Doesn’t sound promising for Hales knowing how important “looking good in the nets” is in the England lexicon.

    Newman also mentions that Tredwell had a long bowl which may mean something but probably doesn’t.


  11. metatone Mar 6, 2015 / 6:06 pm

    On the Associates – as others have noted, there are two issues here. The WC and what happens the rest of the time.

    At the WC, I think you could stay with the current number of associates and improve things by being braver with the scheduling. The tournament is too long and too boring because of the format, not the number of teams. Play 2 games a day.

    However, if cutting down to 2 associates teams was needed to form an agreement about out of WC games for associates, I’d take it. As that’s the killer. It’s be a good start to make every “Full Member” team play 2 ODIs against associates every year. Let the Full Members play B teams if they like, but get the games happening.


  12. metatone Mar 6, 2015 / 6:34 pm

    In terms of too high scores, it seems pretty clear that it would be worth experimenting with 1 ball instead of 2. It’s an experiment that would be really easy to conduct, so I’ll be pretty annoyed if it doesn’t happen before the next big tournament.

    Fielding restrictions are hard, as there’s a balance between the boringness of the middle overs and the advantage given to batsmen. However, they would seem to be the big issue. After all, the reason scoring rate in Tests (which has also increased) isn’t the same as ODIs is in part because of the field settings.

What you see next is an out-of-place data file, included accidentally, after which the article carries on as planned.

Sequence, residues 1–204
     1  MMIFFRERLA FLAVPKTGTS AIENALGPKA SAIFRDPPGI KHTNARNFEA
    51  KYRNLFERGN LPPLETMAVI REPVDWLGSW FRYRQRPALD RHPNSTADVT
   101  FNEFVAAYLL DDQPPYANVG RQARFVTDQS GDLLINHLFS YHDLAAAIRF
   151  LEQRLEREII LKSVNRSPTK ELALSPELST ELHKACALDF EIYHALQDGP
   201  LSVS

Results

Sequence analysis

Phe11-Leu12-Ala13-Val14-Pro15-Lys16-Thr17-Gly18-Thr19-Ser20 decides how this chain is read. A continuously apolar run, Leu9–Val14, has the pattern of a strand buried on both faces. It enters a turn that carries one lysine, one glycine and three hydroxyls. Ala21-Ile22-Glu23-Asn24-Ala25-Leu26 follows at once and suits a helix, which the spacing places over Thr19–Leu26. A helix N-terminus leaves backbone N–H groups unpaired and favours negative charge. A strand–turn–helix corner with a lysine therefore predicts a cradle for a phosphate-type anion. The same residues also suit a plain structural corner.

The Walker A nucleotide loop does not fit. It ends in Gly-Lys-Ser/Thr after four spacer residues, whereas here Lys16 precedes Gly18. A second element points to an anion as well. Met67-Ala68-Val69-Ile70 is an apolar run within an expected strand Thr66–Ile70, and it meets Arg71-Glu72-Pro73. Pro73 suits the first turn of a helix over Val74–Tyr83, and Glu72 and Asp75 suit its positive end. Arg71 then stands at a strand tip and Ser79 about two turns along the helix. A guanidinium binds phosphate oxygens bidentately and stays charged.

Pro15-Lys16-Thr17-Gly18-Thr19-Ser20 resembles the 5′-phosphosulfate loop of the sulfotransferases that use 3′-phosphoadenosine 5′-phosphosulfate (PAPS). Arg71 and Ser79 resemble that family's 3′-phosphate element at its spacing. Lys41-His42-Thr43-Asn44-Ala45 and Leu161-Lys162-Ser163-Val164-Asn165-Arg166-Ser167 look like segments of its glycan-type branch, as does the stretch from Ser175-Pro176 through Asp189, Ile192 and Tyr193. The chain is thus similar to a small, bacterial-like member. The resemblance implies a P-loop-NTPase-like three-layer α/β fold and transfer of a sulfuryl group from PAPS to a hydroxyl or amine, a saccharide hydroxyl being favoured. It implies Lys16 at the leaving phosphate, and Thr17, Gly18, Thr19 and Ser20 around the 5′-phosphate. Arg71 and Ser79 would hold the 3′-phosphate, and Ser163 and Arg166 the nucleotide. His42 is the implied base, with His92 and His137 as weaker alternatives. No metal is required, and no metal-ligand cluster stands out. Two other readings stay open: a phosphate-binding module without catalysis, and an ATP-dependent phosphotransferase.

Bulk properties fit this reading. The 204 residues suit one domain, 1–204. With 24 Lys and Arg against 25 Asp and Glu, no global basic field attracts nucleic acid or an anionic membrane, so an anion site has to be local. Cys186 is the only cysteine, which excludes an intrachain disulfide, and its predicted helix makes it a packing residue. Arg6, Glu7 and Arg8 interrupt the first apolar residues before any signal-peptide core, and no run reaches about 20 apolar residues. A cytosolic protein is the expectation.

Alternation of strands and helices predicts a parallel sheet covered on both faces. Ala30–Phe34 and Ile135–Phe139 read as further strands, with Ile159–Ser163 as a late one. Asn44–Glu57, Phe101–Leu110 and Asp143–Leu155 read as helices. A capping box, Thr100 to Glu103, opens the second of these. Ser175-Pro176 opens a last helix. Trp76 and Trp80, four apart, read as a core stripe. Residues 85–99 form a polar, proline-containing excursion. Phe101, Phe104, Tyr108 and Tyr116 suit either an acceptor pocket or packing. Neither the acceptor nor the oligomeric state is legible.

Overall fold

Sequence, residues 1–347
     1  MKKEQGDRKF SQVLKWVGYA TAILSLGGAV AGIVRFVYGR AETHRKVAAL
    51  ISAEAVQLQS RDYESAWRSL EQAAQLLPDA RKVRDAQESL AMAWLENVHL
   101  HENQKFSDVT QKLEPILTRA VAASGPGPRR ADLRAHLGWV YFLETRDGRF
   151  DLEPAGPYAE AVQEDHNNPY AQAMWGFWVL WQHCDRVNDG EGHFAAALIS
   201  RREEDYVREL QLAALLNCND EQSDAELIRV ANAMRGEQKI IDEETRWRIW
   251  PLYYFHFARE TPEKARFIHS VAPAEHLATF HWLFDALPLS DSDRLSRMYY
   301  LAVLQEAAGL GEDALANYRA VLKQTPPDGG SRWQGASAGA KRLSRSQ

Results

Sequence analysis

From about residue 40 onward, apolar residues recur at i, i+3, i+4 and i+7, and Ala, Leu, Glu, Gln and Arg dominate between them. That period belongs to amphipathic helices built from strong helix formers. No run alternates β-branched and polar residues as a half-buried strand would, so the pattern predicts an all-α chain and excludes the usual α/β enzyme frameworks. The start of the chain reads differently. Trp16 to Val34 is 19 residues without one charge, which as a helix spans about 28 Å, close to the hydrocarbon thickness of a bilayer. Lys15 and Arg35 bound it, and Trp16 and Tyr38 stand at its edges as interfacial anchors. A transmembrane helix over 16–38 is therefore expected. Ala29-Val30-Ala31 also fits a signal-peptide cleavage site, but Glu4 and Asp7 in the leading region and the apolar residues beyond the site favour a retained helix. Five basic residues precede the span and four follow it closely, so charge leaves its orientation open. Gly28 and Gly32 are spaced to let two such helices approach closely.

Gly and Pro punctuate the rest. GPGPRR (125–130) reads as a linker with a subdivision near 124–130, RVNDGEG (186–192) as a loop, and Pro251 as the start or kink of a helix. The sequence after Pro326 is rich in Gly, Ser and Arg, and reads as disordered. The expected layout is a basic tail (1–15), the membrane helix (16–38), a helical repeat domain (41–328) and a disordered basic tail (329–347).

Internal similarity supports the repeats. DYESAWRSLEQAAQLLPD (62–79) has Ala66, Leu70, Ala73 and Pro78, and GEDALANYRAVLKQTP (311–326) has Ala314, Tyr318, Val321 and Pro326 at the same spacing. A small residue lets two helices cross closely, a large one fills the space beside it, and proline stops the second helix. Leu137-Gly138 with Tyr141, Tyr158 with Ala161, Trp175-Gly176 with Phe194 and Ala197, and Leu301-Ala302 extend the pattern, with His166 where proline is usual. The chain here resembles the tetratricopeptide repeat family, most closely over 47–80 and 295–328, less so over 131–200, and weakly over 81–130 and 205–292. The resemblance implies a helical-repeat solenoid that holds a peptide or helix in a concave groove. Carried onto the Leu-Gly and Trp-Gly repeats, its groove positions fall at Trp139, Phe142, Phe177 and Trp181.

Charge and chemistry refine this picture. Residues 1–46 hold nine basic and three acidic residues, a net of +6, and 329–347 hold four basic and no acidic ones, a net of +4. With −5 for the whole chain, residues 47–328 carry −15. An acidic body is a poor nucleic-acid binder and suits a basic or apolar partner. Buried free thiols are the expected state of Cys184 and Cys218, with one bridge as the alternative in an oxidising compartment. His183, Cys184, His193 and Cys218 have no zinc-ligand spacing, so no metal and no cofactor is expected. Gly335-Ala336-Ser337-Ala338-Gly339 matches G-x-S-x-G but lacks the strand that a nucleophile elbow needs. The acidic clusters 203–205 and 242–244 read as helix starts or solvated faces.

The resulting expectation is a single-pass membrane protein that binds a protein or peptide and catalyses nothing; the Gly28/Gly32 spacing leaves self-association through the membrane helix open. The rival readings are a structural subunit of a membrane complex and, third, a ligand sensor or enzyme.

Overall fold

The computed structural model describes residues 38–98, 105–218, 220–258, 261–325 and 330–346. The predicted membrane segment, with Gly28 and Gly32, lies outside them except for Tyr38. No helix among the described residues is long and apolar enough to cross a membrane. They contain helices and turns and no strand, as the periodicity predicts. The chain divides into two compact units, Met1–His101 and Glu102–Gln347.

I think it could be interesting, tactically, to raise the over/bowler ratio.
    After all, there is no maximum, so if you let each bowler bowl 15 overs, you’d be mandating 4, but teams would have to play that off against fatigue and variety. It could force batsmen to consider taking more risks against the better bowlers, rather than seeing them off.

    Bowling quality is an issue, I outlined in a reply to Vian reasonable ground to believe that we’re not at a high point of bowling. However, it’s worth noting that some of the most unplayable balls in this tournament have basically been yorkers. In essence, the pitches are not helping at all. However you define a “fair” pitch, it seems clear that this is not it…


    • d'Arthez Mar 6, 2015 / 8:32 pm

      A few years ago, there was a mandatory ball change after the 34th over in ODIs. That would be the second new ball. Apparently they still can’t make a white ball that lasts 50 overs.

      So it has been done before.

      If they still can’t make a ball that lasts 50 overs, why not give the fielding side the opportunity to call for a ball change, anywhere from between over 16 and 34. At the 34 overs mark, it becomes mandatory if it has not been done before.

      You’d have the same thing as before, but at least it would be slightly less formulaic. Sure, it is not an ideal solution, but then at least you can spice things up in the middle overs by having a ball that actually reverses …


      • Timmy Mar 7, 2015 / 12:58 am

        That’s the best idea I have read in ages. Letting the bowling side decide when to use a second new ball. Giving the bowling side that descision some control to redress the balance from batsmen.

        This idea like many will be too complicated for the ICC!


  13. thebogfather Mar 7, 2015 / 12:54 pm